It is a nightmare come true for old Stalinists and a dream come true for Western historians.
The Hoover Institution, the conservative think tank at Stanford University that was considered a center of anti-Soviet scholarship, has obtained the rights to review and microfilm the previously secret archives of the Communist Party Central Committee and state ministries in the former Soviet Union, officials announced Tuesday. Millions of documents may be involved, dating from the 1917 Revolution to the failed coup last August.
Some scholars question whether the Hoover researchers will be given complete access to the files. But other experts hope the archives will provide indisputable evidence to resolve such historical debates as whether Lenin himself ordered the murders of Czar Nicholas II and his family and how much Stalin and Hitler cooperated during their brief detente before World War II.
Mainly housed in two collections in Moscow, the party and state archives represent "one of the greatest untapped bodies of knowledge in the history of the 20th Century," said Charles G. Palm, deputy director of the Hoover Institution on War, Revolution and Peace. "In undertaking this preservation, the Russians are making a major contribution to the world's scholarship. It's an honor for us to join them in this effort."
The Hoover's arrangement with Moscow "is extremely significant," said Harvard University professor Richard Pipes, a Russian history expert and onetime adviser to former President Ronald Reagan on Soviet affairs. "These archives contain the true history of the Soviet regime. I'm just dreaming of getting my hands on it."
The agreement between the Hoover Institution and the Committee on Archival Affairs of the Russian Federation (Roskomarkhiv) comes just two weeks after Russian officials officially opened some of the archives to foreign researchers who travel to Moscow. Such openness remains controversial in Moscow. Allies of Russian President Boris N. Yeltsin still fear that sensitive files will be destroyed by loyalists of the now-dissolved Communist Party, as was done right after the coup attempt.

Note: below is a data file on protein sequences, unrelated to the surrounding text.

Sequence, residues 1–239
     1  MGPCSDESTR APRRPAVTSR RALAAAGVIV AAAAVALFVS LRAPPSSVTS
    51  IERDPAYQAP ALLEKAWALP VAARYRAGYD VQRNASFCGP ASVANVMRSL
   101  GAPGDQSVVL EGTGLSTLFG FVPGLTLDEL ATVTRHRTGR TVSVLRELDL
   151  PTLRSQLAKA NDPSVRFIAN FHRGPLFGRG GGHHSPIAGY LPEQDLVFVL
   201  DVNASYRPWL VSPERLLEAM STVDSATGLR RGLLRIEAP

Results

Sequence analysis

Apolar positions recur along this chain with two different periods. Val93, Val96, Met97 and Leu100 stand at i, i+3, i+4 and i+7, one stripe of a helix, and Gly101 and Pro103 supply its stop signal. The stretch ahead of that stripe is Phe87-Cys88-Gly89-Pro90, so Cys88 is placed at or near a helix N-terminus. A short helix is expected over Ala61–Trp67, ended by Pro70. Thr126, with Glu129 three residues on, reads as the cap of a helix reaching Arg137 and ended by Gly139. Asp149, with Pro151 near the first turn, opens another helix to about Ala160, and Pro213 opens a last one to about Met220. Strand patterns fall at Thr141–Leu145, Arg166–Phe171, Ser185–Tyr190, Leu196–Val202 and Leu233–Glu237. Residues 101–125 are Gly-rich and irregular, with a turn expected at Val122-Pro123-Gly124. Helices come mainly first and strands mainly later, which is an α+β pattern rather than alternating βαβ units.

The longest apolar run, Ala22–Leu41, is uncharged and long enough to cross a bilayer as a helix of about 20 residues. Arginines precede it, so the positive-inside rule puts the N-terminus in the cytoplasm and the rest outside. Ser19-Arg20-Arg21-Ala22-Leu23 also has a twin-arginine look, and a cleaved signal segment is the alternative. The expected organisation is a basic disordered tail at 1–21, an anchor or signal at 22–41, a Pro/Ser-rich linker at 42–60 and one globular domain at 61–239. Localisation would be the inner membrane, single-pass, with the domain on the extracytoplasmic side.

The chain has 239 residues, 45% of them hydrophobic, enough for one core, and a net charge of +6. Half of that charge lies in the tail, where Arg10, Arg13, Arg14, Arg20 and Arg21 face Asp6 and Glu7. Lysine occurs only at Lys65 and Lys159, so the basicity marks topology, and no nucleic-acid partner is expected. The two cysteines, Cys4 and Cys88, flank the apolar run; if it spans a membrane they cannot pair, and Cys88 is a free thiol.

"For many years, everybody told us that the archives must be closed. Now we would like to have the archives open to everyone for research," Vladimir Tarasov, head of international relations for the Russian archives federation, said in a telephone interview from Moscow.
The Hoover library will provide $3 million for camera equipment, film and other technical matters over the five years of the project, which will begin in July. Full copies of the films will be kept at the Hoover library at Stanford and in Moscow.
Selected portions will be available for sale to other universities and libraries worldwide through a British publishing firm, Chadwyck-Healey Ltd. The Russian archives federation will provide manpower for the filming and garner "substantial" royalties from those sales, Palm said.
In addition, Roskomarkhiv is to receive microfilmed copies of Hoover's extensive holdings in Russian and Soviet history, including files of the Czarist secret police.
Tarasov said Russian scholars want the microfilm copies of the California library's collection dealing with events such as the Russian Civil War. Those documents were taken out of Russia by emigres at the time, he said. The royalties arrangement is also attractive because, Tarasov added, "Russian archives are now in a very bad position in terms of equipment, technical activities and salaries of archivists."
The Hoover Institution, founded in 1919 by the future President Herbert Hoover as a collection of documents on World War I and international humanitarian relief, later gained a reputation as a bastion of anti-Soviet thought.
Some scholars noted the irony of the Hoover's involvement in the Russian archives. "Everything is very bizarre about the Soviet Union, Russia, today," said Pipes, a former visiting fellow at Hoover.
The Stanford think tank has other ties with the current Russian leadership. Last year it sent advisers to help Yeltsin plan a shift to a free-market economy.
The question of how much access the Hoover scholars will be given troubles some experts. "I will caution anyone not to be duped," said Vladimir Brovkin, an associate professor of history at Harvard, who conducted research recently at the enormous, marble-floored library in Moscow that used to be called the Institute for Marxism-Leninism and where much microfilming will take place. Brovkin contended that Russians are so desperate for foreign currency that they may make "all kinds of agreements with foreigners" and then allow filming of only inconsequential files.
Palm, Hoover's deputy director, conceded that Russian officials may withhold some documents that relate to national security. But he said he has assurances from Rudolf Pikhoya, chairman of the Russian archives committee, that "the archives will be as accessible as reasonably possible."